Apple’s recently refreshed MacBook Pro 16 certainly lives up to its Pro suffix, but that’s both a blessing and a curse if you’re after an Apple-centric laptop. If you’ve got need of its Pro power it’s an easy recommendation, but this is a serious beast of a machine with an equally frightening asking price, even for the lowest level versions.
Like any 16-inch laptop, this is a big unit, and one that I’d more comfortably call “luggable” than portable, but with that you do get a very nice 16-inch display. Apple’s borrowed a trick from the iPhone with the new MacBook Pro, because where older MacBooks hid the front-facing camera under a black bar at the top of the screen, the new 16 inch model has a notch. That gives it just a little more screen space, although it’s only used for now for the menu bar.
Elsewhere, Apple’s gone back to the future, grabbing design elements from much older MacBook Pro models. If you didn’t like the “Touch Bar” interface at the top of many recent MacBooks, you’ll be pleased to hear that it’s not in the new MacBook Pro 16 at all. Instead, you get a row of function keys. Of course, if you were a fan of the Touch Bar’s modular approach, that’s bad news.
Speaking of everything old being new again, Apple has also brought back the Magsafe charger it abandoned on MacBooks about five years ago with the new 16-inch model only. The magnetic attachment is pretty strong, and charging is quite fast. Again, you’d expect that on a Pro-level device.
You also get the welcome return of a lot of flexible connection ports. Where recent MacBooks (and quite a few PCs) have opted for just a few USB C ports, the MacBook Pro offers up 3 USB-C/Thunderbolt ports, HDMI video connectivity and an SDXC card slot to boot. Basically, if you want to hook up anything from external storage to displays, network cables or more, you can do it with ease.
It’s also great to see Apple finally coming to the Full HD party when it comes to video conferencing. That’s become much more of a vital part of many of our everyday lives over the past couple of years, but prior MacBooks all struggled with often dim 720p capable cameras. The 1080p camera on the MacBook Pro under the screen notch shoots wide and well, even in moderately low light.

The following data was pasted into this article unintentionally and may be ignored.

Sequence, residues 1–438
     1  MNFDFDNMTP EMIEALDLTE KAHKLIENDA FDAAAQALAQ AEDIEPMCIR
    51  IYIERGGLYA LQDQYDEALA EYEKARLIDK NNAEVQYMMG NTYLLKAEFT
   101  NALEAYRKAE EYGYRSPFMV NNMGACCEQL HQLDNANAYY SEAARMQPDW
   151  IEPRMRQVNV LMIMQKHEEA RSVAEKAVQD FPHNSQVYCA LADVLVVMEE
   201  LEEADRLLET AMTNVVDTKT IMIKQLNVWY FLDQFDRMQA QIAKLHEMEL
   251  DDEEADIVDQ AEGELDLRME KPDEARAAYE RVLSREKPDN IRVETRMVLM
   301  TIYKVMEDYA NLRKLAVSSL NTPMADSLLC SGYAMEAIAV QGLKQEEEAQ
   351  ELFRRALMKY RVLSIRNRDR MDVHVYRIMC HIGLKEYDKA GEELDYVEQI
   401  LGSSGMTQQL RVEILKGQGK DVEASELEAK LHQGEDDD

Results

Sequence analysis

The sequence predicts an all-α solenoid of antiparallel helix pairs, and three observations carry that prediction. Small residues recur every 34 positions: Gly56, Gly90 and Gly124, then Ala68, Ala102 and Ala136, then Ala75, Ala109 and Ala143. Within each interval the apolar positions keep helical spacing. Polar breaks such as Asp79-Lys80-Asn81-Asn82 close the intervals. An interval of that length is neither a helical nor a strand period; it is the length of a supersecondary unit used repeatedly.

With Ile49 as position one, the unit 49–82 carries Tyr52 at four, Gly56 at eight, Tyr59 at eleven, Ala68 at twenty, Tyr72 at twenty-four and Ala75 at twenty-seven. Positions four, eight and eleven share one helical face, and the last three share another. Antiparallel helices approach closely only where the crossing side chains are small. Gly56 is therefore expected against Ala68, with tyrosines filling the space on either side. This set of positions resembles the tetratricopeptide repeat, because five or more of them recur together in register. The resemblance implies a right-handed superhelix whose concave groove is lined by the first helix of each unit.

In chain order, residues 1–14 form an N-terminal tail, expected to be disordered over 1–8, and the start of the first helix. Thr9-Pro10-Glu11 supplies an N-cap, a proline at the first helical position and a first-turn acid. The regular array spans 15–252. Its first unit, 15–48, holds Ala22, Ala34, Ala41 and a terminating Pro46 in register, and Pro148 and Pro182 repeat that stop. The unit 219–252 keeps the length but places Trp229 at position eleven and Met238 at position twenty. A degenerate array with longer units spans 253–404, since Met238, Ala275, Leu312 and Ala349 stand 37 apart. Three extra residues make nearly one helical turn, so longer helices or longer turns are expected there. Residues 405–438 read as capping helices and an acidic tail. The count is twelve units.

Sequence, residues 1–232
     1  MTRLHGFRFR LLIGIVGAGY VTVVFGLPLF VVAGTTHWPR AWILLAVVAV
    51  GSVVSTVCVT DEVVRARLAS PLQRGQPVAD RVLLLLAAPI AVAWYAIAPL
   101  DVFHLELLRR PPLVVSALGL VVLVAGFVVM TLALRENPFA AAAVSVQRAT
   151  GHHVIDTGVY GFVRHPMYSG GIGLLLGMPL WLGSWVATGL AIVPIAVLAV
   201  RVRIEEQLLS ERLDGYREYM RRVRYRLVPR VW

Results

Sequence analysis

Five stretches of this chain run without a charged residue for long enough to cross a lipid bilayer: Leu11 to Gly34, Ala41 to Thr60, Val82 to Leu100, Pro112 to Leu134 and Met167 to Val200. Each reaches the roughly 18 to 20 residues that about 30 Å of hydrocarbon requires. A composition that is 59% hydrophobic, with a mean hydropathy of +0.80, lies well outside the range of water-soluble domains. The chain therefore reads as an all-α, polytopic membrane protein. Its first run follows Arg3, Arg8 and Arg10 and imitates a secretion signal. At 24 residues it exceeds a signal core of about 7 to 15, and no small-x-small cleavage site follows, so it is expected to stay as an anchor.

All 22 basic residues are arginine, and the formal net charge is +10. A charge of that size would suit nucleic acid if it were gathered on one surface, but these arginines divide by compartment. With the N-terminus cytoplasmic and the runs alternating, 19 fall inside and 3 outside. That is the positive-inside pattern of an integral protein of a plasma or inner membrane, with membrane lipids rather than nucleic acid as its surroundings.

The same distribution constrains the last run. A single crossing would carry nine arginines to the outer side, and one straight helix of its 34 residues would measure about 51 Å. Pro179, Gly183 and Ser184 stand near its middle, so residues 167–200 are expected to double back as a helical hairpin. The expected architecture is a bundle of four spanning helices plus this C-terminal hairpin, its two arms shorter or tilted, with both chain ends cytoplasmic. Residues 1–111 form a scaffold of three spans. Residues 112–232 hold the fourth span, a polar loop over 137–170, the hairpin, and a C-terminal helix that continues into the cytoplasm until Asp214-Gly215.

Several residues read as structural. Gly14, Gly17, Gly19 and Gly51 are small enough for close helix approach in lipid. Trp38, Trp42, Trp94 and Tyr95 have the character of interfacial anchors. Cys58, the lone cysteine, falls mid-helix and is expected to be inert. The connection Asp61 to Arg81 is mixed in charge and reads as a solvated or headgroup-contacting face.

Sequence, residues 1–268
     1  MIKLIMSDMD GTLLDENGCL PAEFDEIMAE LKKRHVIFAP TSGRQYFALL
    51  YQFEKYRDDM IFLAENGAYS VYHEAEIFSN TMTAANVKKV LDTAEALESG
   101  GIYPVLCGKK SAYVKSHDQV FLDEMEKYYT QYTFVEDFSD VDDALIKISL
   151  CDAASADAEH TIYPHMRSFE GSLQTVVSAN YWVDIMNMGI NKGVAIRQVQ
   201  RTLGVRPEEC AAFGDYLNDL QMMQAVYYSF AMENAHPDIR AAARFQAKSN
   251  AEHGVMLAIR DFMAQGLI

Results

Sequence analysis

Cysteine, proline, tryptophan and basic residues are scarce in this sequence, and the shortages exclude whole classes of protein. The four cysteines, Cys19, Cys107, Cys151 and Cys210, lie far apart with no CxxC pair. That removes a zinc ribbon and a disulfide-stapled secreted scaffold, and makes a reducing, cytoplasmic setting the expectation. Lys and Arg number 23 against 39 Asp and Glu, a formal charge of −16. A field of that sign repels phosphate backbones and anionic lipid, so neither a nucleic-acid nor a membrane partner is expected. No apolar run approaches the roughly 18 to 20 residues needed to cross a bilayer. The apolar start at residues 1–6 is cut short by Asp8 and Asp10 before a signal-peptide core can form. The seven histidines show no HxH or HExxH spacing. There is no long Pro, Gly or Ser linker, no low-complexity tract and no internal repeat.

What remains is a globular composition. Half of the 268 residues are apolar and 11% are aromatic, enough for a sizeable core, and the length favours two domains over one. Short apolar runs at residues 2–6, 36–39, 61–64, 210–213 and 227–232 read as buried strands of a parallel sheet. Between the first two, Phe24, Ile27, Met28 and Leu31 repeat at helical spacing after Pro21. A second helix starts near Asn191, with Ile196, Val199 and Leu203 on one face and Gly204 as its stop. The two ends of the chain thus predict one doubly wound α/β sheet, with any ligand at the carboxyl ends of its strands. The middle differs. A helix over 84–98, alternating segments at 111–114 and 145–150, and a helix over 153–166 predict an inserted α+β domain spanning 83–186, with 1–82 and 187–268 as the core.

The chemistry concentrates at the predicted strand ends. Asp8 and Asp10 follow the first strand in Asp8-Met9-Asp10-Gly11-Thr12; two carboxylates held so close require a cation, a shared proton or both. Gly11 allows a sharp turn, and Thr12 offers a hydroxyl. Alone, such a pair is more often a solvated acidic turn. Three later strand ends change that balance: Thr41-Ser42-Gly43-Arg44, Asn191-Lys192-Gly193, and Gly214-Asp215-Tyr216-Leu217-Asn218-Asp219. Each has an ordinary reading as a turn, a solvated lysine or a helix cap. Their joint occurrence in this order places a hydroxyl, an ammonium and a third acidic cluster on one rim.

Apple’s MacBook lines shifted over to Apple’s own “M1” processors last year for the most part, but the 16-inch variant was the holdout, until now. Apple’s M1 is very powerful, but the issue to date has been that every M1 system has been essentially the same as every other M1 system. Buy the 13-inch M1 MacBook Air, and you got the basic same performance as the pricier 13-inch M1 MacBook Pro.
That’s not an issue the 16-inch MacBook Pro has, to put it politely. It’s a laptop that ships with a choice of processors, labelled as either “M1 Pro” or “M1 Max” with a big uptick in performance, especially graphics performance with up to 32 GPU cores for video rendering purposes. They’re also capable of being shipped with up to 64GB of onboard RAM.
The catch here – beyond the asking price, which starts high and goes higher from there – is that M1 systems use what’s called a “system on a chip”, which means processor, graphics, storage and RAM all live on the same chip. That has huge benefits for performance, because all parts can talk to each other rapidly and efficiently. However, it also means that you can’t upgrade much once you’ve purchased the system. You could expand storage via an external USB-C connected hard drive, but not change the internal one, or bump up the RAM after the fact.
All that being said, the MacBook Pro 16 absolutely flies through complex computing tasks. MacBooks still aren’t gaming laptops, but for jobs like editing and rendering video the model I tested – which was a pricey top tier M1 Max variant with 64GB RAM ran rings around a nearby M1 13-inch MacBook Pro.
You might have noticed I’ve referenced the price a lot, and that’s because while the MacBook Pro 16 is an absolute supercar of a laptop, just like those shiny high-performance vehicles, they’re not devices that everyone can either afford or indeed that they actually need. If you’re looking at a device for lots of GPU-intensive tasks the MacBook Pro 16 will work wonders, and there’s no doubt that some businesses would see enough improvement for them to pay that premium.
For everyday use, though, they’re total overkill, even if you do like Apple’s macOS platform. If you’re more after a computer for basic office tasks, study or web browsing and social media, the simpler and far more affordable M1 MacBook Air remains my pick of the bunch. You don’t get as many ports for connectivity, but you get a considerably more portable device that still benefits from great battery life and an easy-to-understand operating system without the sting of that high MacBook Pro 16 price tag.
Verdict: The 16 Inch MacBook Pro is ideal if you’ve got heavy computer workloads to throw at it, with power to spare both in computing and battery life terms. However, it’s priced accordingly, and if your needs are more modest, the regular MacBook Air is a better everyday bet.
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